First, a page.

Just to let people know that not *all* RCIA programs are synonymous with “1970’s mush”! :) (Just 95%…)

  36. Nathan says:

    Cathy of Alex, thanks for the reminder for perspective. (BTW, good blog!)

    Just to clarify, women are absolutely required to wear shoes with black buckles if they’re married, and white buckles if they’re single? (Insert some cute emoticon here) But only if their son or brother is carrying the Cardinal’s saturno.

    In Christ,

  37. Bro. AJK says:

    Humor is intended. Read with that is mind.

    I recommend wearing clothes.

  38. Daniel Hill says:

    I usually wear a jester’s hat to mass

  39. ekafant says:

    With 6 kids under age 11, along with a 45 minute drive, we have found that being clothed seems to be sufficient, but we still look pretty good! The 2 youngest always seem to look pretty rough when they exit the van, but usually their hair gets a good lick down with a wet palm!!

  40. LeonG says:

    Anyone who refers to the RCIA in this part of the world would get very little authentic instruction on the catholic faith, in any case. The fruits of their instructions can be seen in inappropriate dress for church attendance; inappropriate “high street” demeanour once in church and members who know nothing about popes before the 1960s. None of the ones I know have any knowledge whatsoever of the Holy Mass in its proper Roman Catholic language. Therefore, the RCIA is probably not a reliable referral instrument for such matters.

  41. Dominic H says:

    Hmm. Inappropriate dress at church. Two examples spring to mind. First, really scruffy tracksuits that are, almost inevitably, worn by teenagers (male or female: the clothing concerned is in any case utterly androgynous) acting in the role of a server on Sunday evening mass at my diocesan cathedral (which I’m not naming on this occasion: but it is also notorious – and I suspect unique in England – for being arranged in such a way as to make it not only deprecated but also impossible for any normal adult to kneel down at any point in mass).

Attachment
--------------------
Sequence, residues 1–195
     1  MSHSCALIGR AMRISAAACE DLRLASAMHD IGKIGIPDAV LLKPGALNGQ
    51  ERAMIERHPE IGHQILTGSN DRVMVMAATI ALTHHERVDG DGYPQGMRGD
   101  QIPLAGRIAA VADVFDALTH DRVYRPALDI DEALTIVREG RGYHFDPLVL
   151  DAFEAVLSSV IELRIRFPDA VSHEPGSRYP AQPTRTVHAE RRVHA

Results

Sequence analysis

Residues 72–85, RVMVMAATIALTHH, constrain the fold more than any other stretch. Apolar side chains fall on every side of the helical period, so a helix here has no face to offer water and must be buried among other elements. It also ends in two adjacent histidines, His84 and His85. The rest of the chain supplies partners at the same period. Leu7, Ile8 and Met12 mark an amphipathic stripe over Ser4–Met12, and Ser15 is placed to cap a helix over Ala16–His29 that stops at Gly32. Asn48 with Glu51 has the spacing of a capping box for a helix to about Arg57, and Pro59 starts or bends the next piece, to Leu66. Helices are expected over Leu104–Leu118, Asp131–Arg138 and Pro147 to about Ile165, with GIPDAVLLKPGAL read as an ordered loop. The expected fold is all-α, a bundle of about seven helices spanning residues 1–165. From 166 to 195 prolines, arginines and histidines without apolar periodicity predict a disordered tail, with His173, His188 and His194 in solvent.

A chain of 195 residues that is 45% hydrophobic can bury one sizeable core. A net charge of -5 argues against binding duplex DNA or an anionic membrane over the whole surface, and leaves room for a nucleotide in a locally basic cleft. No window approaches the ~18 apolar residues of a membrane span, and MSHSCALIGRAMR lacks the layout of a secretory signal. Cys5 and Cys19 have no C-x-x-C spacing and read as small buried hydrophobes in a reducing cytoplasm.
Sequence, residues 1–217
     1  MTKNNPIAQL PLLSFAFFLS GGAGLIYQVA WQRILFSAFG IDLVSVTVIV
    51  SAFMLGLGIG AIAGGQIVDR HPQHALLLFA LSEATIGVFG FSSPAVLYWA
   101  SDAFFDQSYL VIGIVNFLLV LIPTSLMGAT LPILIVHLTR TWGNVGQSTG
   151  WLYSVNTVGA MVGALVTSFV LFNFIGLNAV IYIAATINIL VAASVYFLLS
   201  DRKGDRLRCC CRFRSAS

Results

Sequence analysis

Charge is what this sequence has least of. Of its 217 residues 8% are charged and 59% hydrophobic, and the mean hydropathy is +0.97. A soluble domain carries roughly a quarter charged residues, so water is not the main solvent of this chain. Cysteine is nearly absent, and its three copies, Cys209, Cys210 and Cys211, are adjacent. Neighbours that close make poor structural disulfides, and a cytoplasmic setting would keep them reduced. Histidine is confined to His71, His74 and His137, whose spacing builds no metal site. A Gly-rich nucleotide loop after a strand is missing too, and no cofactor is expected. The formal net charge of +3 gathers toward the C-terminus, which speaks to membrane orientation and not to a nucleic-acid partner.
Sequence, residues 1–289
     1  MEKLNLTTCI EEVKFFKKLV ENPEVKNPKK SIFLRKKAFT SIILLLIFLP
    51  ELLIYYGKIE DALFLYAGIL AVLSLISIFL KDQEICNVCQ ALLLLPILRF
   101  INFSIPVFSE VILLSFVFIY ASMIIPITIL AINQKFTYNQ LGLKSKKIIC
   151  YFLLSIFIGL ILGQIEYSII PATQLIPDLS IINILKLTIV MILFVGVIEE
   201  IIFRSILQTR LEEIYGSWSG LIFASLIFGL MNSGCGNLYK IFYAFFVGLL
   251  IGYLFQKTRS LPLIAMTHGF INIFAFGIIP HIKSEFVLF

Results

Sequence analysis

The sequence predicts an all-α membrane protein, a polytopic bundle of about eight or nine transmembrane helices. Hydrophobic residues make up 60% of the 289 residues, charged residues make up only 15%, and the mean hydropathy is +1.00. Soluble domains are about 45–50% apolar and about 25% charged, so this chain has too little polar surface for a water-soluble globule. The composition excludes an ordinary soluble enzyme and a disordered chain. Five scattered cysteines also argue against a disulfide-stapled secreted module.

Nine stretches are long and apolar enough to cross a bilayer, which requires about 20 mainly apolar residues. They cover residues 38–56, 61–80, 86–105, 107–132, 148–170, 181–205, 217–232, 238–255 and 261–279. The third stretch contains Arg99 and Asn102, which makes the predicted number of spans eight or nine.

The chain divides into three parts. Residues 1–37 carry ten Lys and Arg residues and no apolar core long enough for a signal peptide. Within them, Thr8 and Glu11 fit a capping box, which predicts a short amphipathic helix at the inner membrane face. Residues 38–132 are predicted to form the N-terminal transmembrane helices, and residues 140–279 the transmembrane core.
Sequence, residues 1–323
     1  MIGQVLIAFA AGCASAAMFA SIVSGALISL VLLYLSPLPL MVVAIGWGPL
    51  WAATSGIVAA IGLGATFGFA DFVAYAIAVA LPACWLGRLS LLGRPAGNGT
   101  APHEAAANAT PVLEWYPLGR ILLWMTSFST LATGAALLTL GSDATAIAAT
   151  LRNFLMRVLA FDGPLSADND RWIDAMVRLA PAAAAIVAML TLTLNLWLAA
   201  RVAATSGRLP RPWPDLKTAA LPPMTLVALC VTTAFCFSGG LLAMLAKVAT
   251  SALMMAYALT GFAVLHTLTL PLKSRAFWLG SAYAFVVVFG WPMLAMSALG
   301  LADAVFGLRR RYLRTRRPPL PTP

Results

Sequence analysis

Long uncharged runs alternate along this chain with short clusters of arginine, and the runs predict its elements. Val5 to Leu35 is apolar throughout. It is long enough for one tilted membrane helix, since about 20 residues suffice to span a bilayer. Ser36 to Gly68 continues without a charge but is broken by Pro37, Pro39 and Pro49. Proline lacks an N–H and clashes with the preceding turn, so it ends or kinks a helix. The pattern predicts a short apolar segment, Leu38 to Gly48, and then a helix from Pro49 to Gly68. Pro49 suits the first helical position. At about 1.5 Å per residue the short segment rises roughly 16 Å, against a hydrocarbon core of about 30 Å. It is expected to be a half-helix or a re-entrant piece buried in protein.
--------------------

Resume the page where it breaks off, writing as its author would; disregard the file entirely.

Second (which really caused me to raise my eyebrows!): in St Sophia’s Cathedral in Kyiv, Ukraine (Eastern Orthodox, of course): quite a few young women (well, girls, really, I suppose: almost certainly not out of their teenage years) who had clearly gone to some effort to veil their heads…while wearing other extremely skimpy items of clothing, either very short skirts (of the kind that one really has to be in the former USSR to encounter much, I think) or exposing the entire midriff. This would appear to contradict the impeccably orthodox and traditional headgear.

  42. MM says:

    Dominic H — I empathise with you on the cognitive dissonance caused by the Ukrainian cathedral!

    At my parish in Singapore, out of the hundreds at Sunday Mass, only one woman, a young mother, who regularly wears a mantilla.

    She once showed up in mantilla, spaghetti-strap tank top and denim miniskirt — that threw me for a loop. I felt like tapping her on the shoulder and saying, “Uh ma’am? You might be missing the point.”

  43. pelerin says:

    Has anyone else seen the pictorial sign now outside the cathedral of Notre Dame in Paris? It is a ‘no baseball caps’ sign although it does not signify if this applies equally to women as to men!

  44. Paladin says:

    Anyone who refers to the RCIA in this part of the world would get very little authentic instruction on the catholic faith, in any case.

    (*sigh*) I wish I could contradict that, but it’s sadly true. I would, in all fairness, alert people to the Association for Catechumenal Ministry, whose content (if not its samples of liturgy) are quite solid.

    I’ll be the first to say that some of their artwork and photos of liturgies make me cringe; but at least they don’t teach heresy, and they *do* teach long-neglected facets of the Faith, such as the need of prayer for the dead (rather than the “instant canonization ‘Mass of Resurrection'”), unequivocal presentation of the Church’s teachings on sexual morality (including contraception, IVF, etc.), and the like. My wife and I have talked with the director (Mr. Bill Keimig), and he’s as solid as can be.

    In Christ,
    Brian

  45. Maureen says:

    “You would not dress like that to see an earthly king….”

    Hey, I watched that show Monarchy. A lot of people would, and did. :(